Coconut palms are recovering. Seriously injured and dead trees, plus old trees susceptible to diseases and pests, are being cleared from the plantations. Farmers are planting new drought- and pest-resistant hybrids to replace them. The catch is: it will take five to eight years for the new plants to mature and start bearing fruit. The coconut shortage will not be alleviated any time soon.

The supply and demand situation means the price of canned coconut milk for those of us who cook Thai food in the Bay Area will likely remain high for several more years. In an attempt to increase coconut milk production with limited supplies of coconuts, some companies, including the producer of Chaokoh coconut milk, have modified how they make coconut milk. The resulting products have noticeably changed and do not work quite the same way in American kitchens. We will cover how the products have changed and what brands we now recommend in Part 2 of our blog.


Coconut Articles on Thai Food & Travel

Ingredient Information and Use

Preparing and Using Coconuts

Coconuts in Thailand

Coconuts & Health


Written by Kasma Loha-unchit, November 2013

Satisfying A Durian Craving

Kasma Loha-unchit, Wednesday, July 18th, 2012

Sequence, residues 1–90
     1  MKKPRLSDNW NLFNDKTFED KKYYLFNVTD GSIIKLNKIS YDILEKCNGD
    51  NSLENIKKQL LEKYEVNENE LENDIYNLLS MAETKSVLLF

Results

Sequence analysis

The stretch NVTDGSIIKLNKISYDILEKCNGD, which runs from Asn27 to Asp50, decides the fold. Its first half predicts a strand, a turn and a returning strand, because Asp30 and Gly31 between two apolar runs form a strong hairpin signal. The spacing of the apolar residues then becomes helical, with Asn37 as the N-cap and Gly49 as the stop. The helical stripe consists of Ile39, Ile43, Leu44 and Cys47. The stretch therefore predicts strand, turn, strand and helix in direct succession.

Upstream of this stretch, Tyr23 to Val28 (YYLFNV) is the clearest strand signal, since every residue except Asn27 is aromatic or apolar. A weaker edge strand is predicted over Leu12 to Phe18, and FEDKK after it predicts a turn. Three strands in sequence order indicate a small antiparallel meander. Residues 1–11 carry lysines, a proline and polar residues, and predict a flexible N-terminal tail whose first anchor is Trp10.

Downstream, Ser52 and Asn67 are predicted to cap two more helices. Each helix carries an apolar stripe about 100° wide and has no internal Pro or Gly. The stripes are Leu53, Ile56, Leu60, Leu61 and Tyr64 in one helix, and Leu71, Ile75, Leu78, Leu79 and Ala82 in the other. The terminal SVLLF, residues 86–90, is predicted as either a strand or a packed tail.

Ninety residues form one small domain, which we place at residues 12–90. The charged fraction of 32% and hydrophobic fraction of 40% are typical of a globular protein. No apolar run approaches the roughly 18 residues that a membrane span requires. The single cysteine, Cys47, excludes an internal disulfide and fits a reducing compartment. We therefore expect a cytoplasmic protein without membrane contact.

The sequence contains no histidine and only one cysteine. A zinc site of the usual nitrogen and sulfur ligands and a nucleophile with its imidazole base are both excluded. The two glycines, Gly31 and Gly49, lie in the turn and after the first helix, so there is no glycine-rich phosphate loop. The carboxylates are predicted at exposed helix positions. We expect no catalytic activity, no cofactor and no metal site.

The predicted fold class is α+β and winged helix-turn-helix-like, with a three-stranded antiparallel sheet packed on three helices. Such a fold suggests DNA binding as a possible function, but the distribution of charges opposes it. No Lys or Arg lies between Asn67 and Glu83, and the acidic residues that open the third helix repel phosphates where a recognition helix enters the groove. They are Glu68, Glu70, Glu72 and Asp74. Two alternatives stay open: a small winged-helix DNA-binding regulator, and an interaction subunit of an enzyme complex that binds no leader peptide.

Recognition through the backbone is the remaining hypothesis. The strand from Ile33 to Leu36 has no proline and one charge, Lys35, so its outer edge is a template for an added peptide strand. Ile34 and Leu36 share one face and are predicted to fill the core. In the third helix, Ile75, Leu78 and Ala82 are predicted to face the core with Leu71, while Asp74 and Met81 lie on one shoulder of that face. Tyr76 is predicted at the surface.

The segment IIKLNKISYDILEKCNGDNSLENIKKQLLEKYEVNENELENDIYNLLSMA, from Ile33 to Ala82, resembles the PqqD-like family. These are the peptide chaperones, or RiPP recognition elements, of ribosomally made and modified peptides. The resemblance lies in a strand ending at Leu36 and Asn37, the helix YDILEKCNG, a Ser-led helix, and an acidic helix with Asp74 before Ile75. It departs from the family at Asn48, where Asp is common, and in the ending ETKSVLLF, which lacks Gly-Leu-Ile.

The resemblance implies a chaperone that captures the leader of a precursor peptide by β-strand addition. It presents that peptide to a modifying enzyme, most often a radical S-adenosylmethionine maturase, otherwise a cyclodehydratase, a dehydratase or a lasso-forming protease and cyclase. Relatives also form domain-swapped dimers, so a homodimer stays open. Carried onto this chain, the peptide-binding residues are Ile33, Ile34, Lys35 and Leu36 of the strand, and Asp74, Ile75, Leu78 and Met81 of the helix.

The bountiful durian season in Thailand wound down to its tail end as I left to return home to Oakland at the end of this June. But I had my fill the last three weeks of my stay, succumbing to temptation time and again as I walked down Bangkok’s busy streets, around bustling open-air marketplaces and even through the produce aisles of modern supermarkets. The “King of Fruits” was everywhere and it’s so easy nowadays to satisfy a craving without having to overeat, overspend, or be intimidated at having to pry open the wickedly spiky fruit oneself.

(Click images to see larger version.)

Peeled Durian

Peeled Durian at Or Tor Kor Market

Unlike days long passed, it’s no longer necessary to buy durians whole. From streetside vendors to supermarket aisles, the fruit is available already peeled and sealed in packages holding one to two sections of the fruit (a durian has three to five sections, depending on size and shape), costing anywhere from 60 to 150 baht ($2 to $5) when the fruit is in season and usually doubling in price during the off-season. The packages are wrapped in clear plastic, making it easier to tell how ripe the fruit is and select according to one’s taste. Some Thais like their durian under-ripe (hahm hahm) with more of a crisp texture and less of a scent. Some like it really ripe (ngom ngom) – soft and creamy with a robust aroma and usually a deeper color. Many prefer it “just right” – neither too green nor too ripe (gkam lang gkin or “just the time to eat”), which is what I usually go for. At this stage, it is rich and creamy like custard, yet firm in texture without being too soft or too moist, and deliciously fragrant without being too sulfurishly odiferous. Most vendors won’t allow you to touch the package to feel how firm or soft the fruit is, so visual guidance has to be depended upon. But they will tell you the stage of ripeness of the package that looks good to you. Some label the stage of ripeness, in Thai of course, on the plastic wrap next to the price.